(Each of these characteristics is central to the Beatitudes, the Sermon on the Mount as a whole, and about every other description of godliness. More importantly, they ALL are characteristics associated with listening for and following instructions – of a malleability that children possess but that is lacking in many adults who have been “hardened” by mortality. [For more on this topic, see “Becoming: As a Little Child“.])
“willing to submit to all things which the Lord seeth fit to inflict upon him,
(“submit” means “give over or yield to the power or authority of another” – another perfect choice of words, given the use of “enemy” and “yield” earlier in the verse; “inflict” means “to impose as something that must be borne or suffered; to impose anything unwelcome”. This is fascinating, as it refers back to “the natural man” as not “welcoming” of anything that might be considered to be unfair or forced or demanding adherence simply due to another’s authority. It also is fascinating that the majority of definitions for “impose” are negative – showing how “natural” it is to not accept anything that is “inflicted” upon us.)
“even as a child doth submit to his father.”
(What an amazing way to come full circle and highlight what happens when the Spirit changes the perception of a “natural [unrepentant and combative] man” who is an “enemy to God” into that of a “child” who submits to the authority of his “father”. The uncultivated, unprocessed man fights the cultivation and processing; the trusting child submits to that cultivation and processing.)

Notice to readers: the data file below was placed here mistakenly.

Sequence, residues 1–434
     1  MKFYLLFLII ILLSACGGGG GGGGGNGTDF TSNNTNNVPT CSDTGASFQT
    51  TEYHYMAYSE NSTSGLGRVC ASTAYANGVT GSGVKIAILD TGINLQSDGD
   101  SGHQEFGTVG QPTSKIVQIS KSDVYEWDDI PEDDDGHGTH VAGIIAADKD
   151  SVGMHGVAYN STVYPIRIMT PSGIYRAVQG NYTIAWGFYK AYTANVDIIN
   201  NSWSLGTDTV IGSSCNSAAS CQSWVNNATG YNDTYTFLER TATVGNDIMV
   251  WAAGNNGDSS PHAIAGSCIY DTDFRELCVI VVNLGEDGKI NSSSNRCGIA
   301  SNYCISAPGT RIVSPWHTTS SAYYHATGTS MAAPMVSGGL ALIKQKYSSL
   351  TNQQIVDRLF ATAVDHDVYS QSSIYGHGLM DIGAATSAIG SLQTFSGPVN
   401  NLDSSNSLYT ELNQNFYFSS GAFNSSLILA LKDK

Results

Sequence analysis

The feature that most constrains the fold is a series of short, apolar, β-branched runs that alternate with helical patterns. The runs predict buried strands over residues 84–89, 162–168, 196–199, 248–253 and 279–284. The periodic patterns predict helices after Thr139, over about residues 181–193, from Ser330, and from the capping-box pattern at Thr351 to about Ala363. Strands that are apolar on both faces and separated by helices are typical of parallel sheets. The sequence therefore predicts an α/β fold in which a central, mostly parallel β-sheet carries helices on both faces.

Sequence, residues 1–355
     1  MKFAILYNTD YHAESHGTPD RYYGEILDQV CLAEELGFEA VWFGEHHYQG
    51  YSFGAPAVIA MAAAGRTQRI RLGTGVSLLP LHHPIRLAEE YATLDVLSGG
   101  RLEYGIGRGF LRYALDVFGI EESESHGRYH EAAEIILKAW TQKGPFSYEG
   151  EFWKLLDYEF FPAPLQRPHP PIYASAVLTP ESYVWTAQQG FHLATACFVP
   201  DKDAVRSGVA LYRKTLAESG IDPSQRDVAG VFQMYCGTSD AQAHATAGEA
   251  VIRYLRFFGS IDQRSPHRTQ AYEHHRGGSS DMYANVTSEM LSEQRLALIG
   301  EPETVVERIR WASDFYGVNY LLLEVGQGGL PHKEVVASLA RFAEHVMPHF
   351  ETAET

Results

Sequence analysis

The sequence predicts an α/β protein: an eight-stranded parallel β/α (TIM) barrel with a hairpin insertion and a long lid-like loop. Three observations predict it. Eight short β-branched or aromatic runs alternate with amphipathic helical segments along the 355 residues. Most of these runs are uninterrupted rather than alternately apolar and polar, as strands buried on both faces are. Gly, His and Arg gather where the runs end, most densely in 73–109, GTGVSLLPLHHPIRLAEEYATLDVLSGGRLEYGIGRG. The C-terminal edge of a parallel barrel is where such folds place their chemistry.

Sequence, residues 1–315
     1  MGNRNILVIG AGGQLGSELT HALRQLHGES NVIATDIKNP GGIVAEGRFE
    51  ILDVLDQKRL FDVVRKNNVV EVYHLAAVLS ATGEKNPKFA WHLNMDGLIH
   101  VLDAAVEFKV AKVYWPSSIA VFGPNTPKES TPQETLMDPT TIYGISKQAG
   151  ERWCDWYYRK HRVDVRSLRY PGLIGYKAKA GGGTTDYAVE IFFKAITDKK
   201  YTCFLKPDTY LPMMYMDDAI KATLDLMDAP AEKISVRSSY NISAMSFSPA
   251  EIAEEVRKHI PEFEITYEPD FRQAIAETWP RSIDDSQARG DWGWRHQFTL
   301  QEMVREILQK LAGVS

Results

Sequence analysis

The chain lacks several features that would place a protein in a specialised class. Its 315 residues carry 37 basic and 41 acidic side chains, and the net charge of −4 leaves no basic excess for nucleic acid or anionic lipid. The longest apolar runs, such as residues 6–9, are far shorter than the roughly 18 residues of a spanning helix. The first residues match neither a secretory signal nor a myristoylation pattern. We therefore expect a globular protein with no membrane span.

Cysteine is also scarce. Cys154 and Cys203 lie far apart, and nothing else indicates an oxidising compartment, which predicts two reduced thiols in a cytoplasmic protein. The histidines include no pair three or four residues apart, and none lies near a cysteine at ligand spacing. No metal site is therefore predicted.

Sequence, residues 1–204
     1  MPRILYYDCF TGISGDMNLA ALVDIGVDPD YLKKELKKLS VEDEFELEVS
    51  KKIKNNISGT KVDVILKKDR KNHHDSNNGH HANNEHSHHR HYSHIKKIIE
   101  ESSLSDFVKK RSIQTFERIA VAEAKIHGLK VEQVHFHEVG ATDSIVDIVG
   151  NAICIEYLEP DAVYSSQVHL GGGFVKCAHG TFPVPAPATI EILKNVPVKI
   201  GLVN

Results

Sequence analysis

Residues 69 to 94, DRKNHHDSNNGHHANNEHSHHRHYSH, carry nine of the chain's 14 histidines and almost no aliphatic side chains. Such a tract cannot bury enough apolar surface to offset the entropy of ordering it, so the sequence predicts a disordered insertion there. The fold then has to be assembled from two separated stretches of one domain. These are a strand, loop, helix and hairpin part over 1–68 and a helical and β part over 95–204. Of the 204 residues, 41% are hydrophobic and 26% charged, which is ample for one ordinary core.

This verse does NOT describe children being born in a sinful state – or a blank slate. Rather, it describes children as being willing to obey the parents they see as authority figures – to allow those parents to shape and cultivate them through a process of alteration. The challenge, it seems, is for adults to transfer that childlike willingness to submit to an authority figure they can see into FAITH in somewhat hidden heavenly parents through feelings and promptings of the Spirit that can be dismissed as nothing more than emotions.
In other words:
Children act in full view of their earthly parents. The challenge is for adults to let go of their “hardness” and “intelligence” and “certainty in their own understanding” and become “pliable” and “teachable” and more “uncertain of their own expertise” once more (like little children) – turning to the Holy Ghost to help them “see” their Heavenly Parents and submit to that authority as they once submitted to the authority of their earthly parents.